Veuillez utiliser cette adresse pour citer ce document : http://dspace.univ-tlemcen.dz/handle/112/12898
Titre: Representations of Islam, Terrorism, and Religious Extremism: Cosmopolitan Identity in Muslim Anglophone Novel
Auteur(s): BOUNAR, Fateh
Mots-clés: Ambivalence, Anthony Appiah, Cross-cultural dialogue, Discourse, Identity, Islam, Misrepresentation, Orientalism, Post-colonialism, Religious Extremism, Rooted Cosmopolitanism, Terrorism,
Date de publication: 16-sep-2018
Résumé: In Orientalism, Edward Said argues amply that the West has popularised a rather distorted image about Islam through a pseudoscientific study of the East, subjecting it in the process to a discourse of power, which colours most of the perceptions that the West has had about Islam. Recently, the attacks on the Twin Towers in New York have, in their wake, revived and reinforced many extant, Orientalist myths in a new, perhaps more overwhelming, wave of misrepresentation targeting Islam. In the realm of literature, canonical writers like John Updike and Don DeLillo published works that do but reiterate the media Neo-orientalist discourse, which paints Islam as a religion mired in outmoded practices and incapable of cross-cultural dialogue in the age of Globalisation. In this thesis, however, it is argued that out of the post-9/11 frenzy emerges a counter discourse, which tries to correct these misconceptions and myths. In order to analyse this counter discourse, the three novels analysed here are therefore read through the lens of Anthony Appiah’s philosophy of Rooted Cosmopolitanism. The three novels promote narratives of crosscultural dialogue in that the main Muslim characters, to evoke Appiah’s cosmopolitanism, fulfil fully their “moral oughts,” the moral obligations that bind them to their fellow human-beings who do not belong to their local culture.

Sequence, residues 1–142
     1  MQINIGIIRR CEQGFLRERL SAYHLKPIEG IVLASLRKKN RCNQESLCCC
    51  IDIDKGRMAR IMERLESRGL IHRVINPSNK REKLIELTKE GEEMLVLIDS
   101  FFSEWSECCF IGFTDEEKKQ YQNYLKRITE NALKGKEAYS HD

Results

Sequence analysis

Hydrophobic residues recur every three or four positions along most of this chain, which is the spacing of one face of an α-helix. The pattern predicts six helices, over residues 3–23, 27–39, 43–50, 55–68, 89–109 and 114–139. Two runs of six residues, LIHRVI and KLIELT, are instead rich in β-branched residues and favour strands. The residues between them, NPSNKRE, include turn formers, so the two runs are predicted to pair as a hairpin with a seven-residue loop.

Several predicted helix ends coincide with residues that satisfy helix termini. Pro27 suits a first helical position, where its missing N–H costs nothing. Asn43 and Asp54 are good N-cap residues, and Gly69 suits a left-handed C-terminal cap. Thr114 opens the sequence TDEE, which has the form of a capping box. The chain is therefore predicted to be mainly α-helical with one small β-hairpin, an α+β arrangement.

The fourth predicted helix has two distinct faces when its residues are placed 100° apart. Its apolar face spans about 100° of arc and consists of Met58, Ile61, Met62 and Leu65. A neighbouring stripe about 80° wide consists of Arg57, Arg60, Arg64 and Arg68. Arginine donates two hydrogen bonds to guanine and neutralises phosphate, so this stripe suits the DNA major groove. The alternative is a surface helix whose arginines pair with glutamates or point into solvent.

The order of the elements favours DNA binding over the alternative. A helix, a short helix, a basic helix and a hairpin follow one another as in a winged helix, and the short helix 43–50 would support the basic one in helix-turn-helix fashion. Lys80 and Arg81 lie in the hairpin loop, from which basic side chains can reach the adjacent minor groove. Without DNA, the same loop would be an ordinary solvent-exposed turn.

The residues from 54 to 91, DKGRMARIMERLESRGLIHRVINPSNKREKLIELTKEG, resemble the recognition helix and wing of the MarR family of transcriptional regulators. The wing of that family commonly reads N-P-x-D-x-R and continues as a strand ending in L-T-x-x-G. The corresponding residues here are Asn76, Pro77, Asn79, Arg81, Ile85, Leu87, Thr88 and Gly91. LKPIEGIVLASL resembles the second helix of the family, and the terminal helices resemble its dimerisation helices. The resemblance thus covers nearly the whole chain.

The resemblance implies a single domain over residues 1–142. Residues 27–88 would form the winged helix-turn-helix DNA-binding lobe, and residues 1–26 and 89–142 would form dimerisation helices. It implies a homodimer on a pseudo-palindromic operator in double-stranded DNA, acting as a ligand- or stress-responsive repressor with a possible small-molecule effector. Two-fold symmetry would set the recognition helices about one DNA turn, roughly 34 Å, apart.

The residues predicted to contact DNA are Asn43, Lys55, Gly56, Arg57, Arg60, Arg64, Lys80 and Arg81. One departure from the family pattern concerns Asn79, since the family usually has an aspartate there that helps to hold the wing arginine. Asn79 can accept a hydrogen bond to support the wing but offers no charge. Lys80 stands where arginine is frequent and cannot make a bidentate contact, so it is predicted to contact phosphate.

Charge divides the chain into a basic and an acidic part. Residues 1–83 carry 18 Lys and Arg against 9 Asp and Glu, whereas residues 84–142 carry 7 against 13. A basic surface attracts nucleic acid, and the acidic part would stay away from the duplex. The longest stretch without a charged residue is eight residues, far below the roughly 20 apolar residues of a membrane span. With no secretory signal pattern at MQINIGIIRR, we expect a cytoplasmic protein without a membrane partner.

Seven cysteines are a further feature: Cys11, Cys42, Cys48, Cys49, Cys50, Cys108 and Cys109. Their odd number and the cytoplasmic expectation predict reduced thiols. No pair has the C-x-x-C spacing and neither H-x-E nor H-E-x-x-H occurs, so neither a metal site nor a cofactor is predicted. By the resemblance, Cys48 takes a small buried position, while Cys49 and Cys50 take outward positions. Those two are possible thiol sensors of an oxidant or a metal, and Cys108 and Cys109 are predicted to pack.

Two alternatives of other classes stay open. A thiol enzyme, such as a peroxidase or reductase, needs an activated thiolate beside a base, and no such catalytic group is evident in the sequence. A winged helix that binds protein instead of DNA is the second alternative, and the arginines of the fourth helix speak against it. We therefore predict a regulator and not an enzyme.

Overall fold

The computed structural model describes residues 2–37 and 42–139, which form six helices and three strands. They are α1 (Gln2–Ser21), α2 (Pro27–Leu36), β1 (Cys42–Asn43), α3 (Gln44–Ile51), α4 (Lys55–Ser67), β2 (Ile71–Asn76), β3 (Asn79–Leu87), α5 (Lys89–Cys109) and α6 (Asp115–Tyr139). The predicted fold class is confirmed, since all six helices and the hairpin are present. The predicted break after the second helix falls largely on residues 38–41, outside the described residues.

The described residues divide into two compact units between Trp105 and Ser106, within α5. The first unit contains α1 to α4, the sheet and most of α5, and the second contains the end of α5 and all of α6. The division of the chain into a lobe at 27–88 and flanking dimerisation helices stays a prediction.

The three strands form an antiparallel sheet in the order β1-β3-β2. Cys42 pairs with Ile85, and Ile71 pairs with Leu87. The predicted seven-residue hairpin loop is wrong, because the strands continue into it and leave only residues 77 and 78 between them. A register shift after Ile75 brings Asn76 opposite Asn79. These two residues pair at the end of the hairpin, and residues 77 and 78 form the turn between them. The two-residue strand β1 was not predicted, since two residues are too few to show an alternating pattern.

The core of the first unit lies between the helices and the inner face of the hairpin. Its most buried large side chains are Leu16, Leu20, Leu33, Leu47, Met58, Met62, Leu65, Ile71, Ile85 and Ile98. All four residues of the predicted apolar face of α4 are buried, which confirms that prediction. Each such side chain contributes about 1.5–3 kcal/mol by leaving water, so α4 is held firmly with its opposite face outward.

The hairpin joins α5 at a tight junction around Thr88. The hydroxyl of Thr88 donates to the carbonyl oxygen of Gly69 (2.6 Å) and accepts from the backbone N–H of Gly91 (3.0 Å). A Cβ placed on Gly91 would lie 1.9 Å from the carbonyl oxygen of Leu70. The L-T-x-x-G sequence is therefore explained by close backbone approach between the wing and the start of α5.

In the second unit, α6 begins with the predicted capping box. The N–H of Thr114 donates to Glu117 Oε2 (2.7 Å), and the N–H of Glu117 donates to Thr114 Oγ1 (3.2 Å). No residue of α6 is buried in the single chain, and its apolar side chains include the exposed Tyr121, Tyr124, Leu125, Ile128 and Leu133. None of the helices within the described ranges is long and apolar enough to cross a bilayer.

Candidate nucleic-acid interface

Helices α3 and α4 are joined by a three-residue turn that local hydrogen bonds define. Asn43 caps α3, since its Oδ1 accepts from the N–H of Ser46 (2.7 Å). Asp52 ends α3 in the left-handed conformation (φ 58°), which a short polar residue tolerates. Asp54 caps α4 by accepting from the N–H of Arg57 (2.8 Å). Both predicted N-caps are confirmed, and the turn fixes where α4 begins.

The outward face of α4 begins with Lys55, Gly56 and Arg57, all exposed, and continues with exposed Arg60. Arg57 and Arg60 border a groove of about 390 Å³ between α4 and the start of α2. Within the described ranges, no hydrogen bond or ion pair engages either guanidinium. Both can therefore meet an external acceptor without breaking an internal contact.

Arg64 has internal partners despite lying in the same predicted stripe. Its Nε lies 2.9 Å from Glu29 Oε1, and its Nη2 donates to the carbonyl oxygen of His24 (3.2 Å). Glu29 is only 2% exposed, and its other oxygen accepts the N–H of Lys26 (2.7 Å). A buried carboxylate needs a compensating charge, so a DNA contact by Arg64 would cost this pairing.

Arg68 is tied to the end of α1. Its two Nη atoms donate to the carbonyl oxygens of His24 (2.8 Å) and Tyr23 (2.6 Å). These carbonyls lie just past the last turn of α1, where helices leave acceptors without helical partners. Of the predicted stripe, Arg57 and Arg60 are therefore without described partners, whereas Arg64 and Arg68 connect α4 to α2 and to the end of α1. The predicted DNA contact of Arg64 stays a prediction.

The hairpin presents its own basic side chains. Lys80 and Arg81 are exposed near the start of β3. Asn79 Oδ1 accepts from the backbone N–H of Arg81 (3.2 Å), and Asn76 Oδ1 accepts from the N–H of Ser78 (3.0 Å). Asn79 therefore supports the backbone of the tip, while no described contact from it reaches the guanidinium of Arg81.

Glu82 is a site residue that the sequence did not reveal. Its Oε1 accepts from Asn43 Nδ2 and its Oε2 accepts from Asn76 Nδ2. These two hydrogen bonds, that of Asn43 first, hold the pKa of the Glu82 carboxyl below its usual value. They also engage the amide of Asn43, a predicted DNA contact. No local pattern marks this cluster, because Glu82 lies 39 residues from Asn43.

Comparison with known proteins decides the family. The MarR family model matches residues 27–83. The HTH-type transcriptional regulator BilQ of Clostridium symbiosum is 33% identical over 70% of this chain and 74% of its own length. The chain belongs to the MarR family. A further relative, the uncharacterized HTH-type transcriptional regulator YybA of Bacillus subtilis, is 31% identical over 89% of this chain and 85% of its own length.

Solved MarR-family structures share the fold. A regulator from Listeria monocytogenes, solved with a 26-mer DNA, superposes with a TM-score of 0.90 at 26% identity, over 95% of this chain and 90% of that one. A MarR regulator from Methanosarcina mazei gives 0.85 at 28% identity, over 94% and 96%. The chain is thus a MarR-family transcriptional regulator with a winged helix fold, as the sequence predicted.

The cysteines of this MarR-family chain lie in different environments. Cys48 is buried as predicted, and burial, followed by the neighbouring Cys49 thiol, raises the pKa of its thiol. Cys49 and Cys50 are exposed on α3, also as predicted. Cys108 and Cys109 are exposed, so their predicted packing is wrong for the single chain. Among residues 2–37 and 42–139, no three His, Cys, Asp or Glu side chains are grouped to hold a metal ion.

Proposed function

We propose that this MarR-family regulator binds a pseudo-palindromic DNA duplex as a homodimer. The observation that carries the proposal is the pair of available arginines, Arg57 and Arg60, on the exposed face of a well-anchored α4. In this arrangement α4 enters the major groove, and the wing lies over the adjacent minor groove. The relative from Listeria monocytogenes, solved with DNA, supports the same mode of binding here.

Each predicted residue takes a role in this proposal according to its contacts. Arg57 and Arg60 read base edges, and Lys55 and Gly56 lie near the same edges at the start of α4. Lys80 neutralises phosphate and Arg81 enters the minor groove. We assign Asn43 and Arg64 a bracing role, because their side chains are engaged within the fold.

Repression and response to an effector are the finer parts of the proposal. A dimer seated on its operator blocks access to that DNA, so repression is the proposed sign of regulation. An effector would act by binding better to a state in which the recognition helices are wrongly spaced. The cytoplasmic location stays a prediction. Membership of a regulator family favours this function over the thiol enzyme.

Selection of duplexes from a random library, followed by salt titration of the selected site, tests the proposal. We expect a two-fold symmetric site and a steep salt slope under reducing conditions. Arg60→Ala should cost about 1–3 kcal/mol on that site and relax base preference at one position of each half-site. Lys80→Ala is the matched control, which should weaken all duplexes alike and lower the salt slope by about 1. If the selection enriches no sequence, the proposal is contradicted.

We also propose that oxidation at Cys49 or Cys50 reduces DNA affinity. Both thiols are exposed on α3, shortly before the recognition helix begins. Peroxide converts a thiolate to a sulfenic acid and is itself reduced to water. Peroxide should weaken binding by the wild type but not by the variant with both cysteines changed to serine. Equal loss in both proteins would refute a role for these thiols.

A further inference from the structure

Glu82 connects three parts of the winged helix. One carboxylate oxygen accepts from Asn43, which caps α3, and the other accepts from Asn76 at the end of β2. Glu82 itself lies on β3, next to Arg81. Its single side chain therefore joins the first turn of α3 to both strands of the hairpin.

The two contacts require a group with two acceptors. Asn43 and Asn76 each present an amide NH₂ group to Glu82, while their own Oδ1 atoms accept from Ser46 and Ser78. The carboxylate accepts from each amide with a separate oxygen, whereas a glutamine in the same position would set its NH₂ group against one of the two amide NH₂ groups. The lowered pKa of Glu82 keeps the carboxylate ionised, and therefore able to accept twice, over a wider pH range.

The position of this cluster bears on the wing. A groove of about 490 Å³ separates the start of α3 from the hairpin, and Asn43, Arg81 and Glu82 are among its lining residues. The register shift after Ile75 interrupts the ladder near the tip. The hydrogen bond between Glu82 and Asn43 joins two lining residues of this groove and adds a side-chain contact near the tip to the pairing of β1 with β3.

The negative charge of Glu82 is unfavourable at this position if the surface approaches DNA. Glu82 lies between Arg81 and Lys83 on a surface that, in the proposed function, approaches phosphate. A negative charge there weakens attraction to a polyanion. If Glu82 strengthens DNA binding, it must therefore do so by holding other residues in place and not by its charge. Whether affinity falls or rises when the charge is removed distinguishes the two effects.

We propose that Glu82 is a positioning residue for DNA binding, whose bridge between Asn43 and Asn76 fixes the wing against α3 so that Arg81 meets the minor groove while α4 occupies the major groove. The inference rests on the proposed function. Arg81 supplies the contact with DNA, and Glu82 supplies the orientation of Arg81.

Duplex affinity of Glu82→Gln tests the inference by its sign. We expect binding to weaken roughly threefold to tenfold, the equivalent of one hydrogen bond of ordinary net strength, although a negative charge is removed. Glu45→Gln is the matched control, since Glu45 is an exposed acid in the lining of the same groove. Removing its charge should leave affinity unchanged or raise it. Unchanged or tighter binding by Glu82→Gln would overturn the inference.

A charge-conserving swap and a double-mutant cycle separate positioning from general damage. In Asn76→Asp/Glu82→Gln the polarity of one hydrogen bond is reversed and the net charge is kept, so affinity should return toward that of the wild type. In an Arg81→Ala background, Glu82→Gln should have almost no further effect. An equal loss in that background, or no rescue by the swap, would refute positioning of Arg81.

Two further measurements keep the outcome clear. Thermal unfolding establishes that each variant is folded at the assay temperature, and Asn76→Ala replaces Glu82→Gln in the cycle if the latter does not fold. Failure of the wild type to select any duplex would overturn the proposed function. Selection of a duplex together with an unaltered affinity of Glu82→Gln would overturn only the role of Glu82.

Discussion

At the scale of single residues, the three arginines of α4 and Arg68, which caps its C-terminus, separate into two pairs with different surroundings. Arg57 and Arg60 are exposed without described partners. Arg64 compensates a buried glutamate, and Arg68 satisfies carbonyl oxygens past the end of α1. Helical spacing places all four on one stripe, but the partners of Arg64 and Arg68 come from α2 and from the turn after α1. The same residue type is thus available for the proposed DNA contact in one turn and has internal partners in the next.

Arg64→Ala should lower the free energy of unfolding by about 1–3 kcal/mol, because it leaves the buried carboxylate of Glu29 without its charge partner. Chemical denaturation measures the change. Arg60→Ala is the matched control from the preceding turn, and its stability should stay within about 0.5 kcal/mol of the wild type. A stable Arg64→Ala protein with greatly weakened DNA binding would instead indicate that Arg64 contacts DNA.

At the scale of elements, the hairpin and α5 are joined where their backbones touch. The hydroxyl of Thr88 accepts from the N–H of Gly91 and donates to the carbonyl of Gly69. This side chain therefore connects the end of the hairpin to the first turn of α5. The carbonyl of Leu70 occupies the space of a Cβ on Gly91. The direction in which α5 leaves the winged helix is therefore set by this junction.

URI/URL: http://dspace.univ-tlemcen.dz/handle/112/12898
Collection(s) :Doctorat en Anglais

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